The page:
The New York Times has published (here) a reasonably accurate portrayal of the Swedish snus experience that I have chronicled for over a decade (here, here, andhere). Reporters Matt Richtel and David Jolly examined Swedish Match’s FDA application to remove the federally mandated mouth cancer and not-safe-alternative warnings from snus products. I have discussed this landmark filing previously (here).
The British government has just released statistics on e-cigarette use (here). The Office for National Statistics reports that e-cigarettes were used by 12% of smokers and 5% of former smokers in the UK during the first quarter of this year, but the rate of use among never smokers was only 0.14%.
Washington Times columnist and editor Drew Johnson joins The Heartland Institute’s Budget and Tax News managing editor Jesse Hathaway to talk about the World Health Organization’s (WHO) “Article 6,” a proposed global tax aimed at making tobacco products prohibitively expensive.
Acting U.S. Surgeon General Boris Lushniak recently tweeted, “@OxfordWords #Vape may be #WOTY but the increase in never-smoking youth using e-cigs is a not a trivial story.” The tweet referred to the Oxford English Dictionary’s having designated “vape” as the word of the year, and reflected a CDC report claiming that e-cigarette use among children had increased in 2013. The prevalence of e-cig use among youth who had never smoked was 0.3%.
As noted previously (here), Drs. Karl Fagerström and Tom Eissenberg have described a continuum of dependence among tobacco and nicotine products. They concluded that cigarettes are the most dependence-producing (addictive) product and that smokeless tobacco is intermediate, evidenced by clinical trials showing that quitting cigarette smoking is more difficult than quitting ST.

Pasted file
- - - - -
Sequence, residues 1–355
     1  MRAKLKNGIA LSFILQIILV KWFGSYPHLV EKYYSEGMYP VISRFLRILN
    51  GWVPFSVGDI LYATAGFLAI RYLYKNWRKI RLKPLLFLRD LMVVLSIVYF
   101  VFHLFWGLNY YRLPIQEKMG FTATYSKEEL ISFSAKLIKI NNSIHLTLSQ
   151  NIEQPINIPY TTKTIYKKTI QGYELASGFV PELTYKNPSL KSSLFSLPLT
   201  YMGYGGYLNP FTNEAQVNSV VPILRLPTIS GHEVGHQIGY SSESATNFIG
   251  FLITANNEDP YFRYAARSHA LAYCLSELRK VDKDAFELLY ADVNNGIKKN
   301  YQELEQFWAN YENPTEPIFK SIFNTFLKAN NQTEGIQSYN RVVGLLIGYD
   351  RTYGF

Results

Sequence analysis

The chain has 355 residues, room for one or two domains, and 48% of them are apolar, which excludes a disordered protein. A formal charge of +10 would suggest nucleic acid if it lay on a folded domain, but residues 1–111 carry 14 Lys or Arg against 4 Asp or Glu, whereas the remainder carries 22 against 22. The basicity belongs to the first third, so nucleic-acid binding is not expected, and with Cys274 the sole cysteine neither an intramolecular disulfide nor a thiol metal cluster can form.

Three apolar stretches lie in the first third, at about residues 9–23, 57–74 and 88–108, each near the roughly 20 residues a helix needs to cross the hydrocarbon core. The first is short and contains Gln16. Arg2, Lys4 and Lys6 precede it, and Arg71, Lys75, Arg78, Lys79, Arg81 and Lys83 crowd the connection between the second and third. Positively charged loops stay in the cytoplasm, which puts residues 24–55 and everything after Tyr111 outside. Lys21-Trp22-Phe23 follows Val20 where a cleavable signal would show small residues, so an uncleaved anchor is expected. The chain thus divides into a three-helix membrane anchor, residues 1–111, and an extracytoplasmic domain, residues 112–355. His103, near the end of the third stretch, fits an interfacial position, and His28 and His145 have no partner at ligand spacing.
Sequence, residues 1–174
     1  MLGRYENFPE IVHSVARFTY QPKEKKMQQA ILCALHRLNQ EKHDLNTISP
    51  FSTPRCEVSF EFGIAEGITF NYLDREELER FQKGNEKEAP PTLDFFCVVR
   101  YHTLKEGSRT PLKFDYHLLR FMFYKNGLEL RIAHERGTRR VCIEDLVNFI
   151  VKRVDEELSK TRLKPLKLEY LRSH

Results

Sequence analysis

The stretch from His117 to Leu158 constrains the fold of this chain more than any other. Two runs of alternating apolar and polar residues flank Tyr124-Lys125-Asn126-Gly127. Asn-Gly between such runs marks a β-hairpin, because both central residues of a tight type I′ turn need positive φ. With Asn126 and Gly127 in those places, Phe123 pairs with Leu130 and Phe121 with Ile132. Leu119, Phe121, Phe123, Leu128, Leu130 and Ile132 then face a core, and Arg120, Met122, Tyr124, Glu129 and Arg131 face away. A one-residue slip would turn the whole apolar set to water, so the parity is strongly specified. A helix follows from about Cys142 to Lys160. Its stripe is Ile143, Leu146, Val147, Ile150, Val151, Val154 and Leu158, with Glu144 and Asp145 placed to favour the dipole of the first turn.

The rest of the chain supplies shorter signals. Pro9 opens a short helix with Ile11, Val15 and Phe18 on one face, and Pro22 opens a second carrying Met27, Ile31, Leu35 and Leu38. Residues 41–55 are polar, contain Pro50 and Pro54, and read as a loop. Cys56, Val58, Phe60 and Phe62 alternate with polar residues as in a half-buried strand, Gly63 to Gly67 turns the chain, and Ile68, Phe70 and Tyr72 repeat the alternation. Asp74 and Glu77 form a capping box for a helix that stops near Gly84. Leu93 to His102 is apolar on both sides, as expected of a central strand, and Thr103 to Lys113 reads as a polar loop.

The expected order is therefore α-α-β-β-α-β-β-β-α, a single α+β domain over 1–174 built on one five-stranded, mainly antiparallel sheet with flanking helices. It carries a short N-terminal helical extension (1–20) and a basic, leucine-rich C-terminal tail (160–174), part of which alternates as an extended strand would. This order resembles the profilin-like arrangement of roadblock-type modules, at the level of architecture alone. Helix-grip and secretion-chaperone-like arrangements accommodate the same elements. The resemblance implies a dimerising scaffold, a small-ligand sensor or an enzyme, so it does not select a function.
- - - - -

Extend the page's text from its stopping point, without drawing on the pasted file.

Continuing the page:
As early as 2004, various medical journals published articles claiming that small-community smoking bans resulted in nearly immediate reductions in heart disease. For example, the high-profile BMJ reported that hospital admissions for acute myocardial infarction (AMI) declined 40%, from 40 to 24, in Helena, Montana, after implementation of a smoke-free ordinance (here). Circulation, the journal of the American Heart Association, reported that AMI admissions dropped 27% “within months” in Pueblo, Colorado (here). Similar reports came from Bowling Green, Ohio (here), Monroe County, Indiana (here) and beyond.
In their war against e-cigarettes, government officials often claim that the devices are a gateway to smoking. CDC director Dr. Tom Frieden asserted (here) that “…many kids are starting out with e-cigarettes and then going on to smoke conventional cigarettes.” The National Cancer Institute last March promoted (here) Dr. Stanton Glantz’s tortured analysis of youth e-cigarette use (discussed here and here). While his data failed to support a gateway effect, his employer, the University of California San Francisco, made the claim anyway (here).
Swedish researchers from several institutions document that snus use is not associated with atrial fibrillation (commonly known as AFib), the most common heart arrhythmia (irregular timing of the heart beat) and a risk factor for stroke (abstract here). The same group previously reported that snus use conferred no significant risk for heart attack (discussed here) and stroke (here).